Rapaport Magazine
Style & Design

Emerald elegance


These precious stones are a vibrant source of inspiration for contemporary designers, many of whom leverage their creations to help needy communities

By Rapaport News


Nataliya and Viktor Bondarenko, Rubeus Milano


“We pay tribute to the beauty of art and the beauty of nature in our latest creation, a modern vision of the toi et moi ring set with emeralds from Zambia. The model was designed by Frédéric Mané in Paris and brought to life by Jothi Seroj in France. Our ring is inspired by the tectonic plates moving. It’s a tribute to mother nature, who makes the geological world dance. It is a graphic design — an architectural and asymmetrical ring with a stunning pair of emeralds set on a bed of carved natural rock crystal. We used a high-end jewelry technique of setting stones following the rules of [the] ‘Made in France’ [standard], a real challenge mastered by the best jewelers based in Place Vendôme. The ring gives the feeling the emeralds are floating on precious magma and dazzling energy. The vivid-green, intense color of the pear-shaped emeralds reminds us of the color of the Mediterranean Sea, where the green color of the water means the water is hot and delightful for swimming and enjoying the summer.” rubeusmilano.com

Patricia Inonge Mweene, Inonge Zita

“Apart from the fact that emeralds are beautiful, I like working with Zambian emeralds, as it gives me the opportunity to make a difference in the lives of Zambian gem cutters. I grew up in the mining town of Ndola, Zambia’s second-biggest town. Working with emeralds gives me a chance to give back to my hometown and contribute to the development of much-needed skills and competencies for women and youth. I source emeralds from small-scale miners in Zambia and through the Zambia Gemstone Processors and Jewelers Cooperative Society. It’s an industry organization made up of veteran gem cutters and goldsmiths working to promote gem-cutting and jewelry skills in Zambia.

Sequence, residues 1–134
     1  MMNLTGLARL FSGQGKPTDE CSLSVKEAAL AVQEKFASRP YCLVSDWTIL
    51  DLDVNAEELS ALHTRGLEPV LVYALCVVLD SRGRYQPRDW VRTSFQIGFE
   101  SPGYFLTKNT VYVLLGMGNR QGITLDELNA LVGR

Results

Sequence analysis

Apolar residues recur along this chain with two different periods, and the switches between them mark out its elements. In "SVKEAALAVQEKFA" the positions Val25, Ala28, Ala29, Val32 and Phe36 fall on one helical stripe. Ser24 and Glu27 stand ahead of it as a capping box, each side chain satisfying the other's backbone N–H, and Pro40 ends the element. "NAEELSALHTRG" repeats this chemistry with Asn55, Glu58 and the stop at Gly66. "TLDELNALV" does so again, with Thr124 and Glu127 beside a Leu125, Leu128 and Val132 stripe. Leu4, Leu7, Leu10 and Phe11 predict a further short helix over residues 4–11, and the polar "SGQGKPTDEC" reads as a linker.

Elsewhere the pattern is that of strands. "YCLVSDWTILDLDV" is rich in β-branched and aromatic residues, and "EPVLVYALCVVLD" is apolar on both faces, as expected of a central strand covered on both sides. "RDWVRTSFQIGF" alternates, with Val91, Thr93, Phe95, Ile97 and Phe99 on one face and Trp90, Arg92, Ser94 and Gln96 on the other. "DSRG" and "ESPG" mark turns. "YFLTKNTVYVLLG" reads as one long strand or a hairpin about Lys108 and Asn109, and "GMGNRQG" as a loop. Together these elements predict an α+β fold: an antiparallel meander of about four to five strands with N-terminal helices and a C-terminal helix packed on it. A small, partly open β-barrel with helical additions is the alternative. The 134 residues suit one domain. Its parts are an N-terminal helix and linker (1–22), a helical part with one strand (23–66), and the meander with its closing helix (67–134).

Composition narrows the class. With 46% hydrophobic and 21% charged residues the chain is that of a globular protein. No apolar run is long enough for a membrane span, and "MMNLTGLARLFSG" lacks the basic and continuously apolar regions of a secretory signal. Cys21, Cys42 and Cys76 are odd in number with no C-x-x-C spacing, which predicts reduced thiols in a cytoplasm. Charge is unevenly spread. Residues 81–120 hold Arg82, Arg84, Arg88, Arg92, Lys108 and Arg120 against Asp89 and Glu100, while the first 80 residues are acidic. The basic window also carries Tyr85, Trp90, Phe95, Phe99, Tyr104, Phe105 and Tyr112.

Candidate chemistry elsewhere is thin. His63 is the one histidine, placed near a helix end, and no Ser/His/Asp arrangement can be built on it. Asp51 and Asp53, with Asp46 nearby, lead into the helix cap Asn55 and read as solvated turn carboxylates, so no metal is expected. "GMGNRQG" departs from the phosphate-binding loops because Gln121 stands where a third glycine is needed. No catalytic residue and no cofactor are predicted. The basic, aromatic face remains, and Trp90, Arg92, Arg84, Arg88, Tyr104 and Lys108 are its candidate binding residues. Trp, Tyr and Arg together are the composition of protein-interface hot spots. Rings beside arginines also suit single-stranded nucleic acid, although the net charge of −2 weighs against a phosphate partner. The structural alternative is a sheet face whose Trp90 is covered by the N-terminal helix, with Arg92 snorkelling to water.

“Responsible sourcing is very important to my creative process. At the heart of our responsible-sourcing strategy is the multitude of people who make up the local gemstone value chain and make it possible to do what we do. I believe the design process should start as close to the area in which the resources are mined in order to facilitate skill transfer in mining communities. In Zambia, we have very high poverty and unemployment rates in communities. As part of our contribution to the 17 UN Sustainable Development Goals (SDGs), we have partnered with Kariba Minerals [as well as other] jewelry and gemstone associations to support SDG 4: Education, SDG 5: Gender Equality, and SDG 17: Partnerships. Responsible sourcing cannot be done by jewelry designers in isolation; everyone along the jewelry value chain must be involved.” inongezita.com

Article from the Rapaport Magazine - August 2021. To subscribe click here.

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